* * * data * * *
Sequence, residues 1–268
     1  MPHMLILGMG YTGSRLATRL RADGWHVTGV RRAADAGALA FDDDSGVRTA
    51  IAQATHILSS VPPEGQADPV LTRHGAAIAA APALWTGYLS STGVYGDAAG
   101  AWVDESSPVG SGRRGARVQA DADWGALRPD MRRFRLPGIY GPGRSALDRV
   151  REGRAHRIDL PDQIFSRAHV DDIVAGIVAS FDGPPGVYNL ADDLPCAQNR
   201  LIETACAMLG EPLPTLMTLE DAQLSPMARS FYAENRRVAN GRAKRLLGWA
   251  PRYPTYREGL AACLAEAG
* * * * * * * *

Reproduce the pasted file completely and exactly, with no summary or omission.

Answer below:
Sequence, residues 1–268
     1  MPHMLILGMG YTGSRLATRL RADGWHVTGV RRAADAGALA FDDDSGVRTA
    51  IAQATHILSS VPPEGQADPV LTRHGAAIAA APALWTGYLS STGVYGDAAG
   101  AWVDESSPVG SGRRGARVQA DADWGALRPD MRRFRLPGIY GPGRSALDRV
   151  REGRAHRIDL PDQIFSRAHV DDIVAGIVAS FDGPPGVYNL ADDLPCAQNR
   201  LIETACAMLG EPLPTLMTLE DAQLSPMARS FYAENRRVAN GRAKRLLGWA
   251  PRYPTYREGL AACLAEAG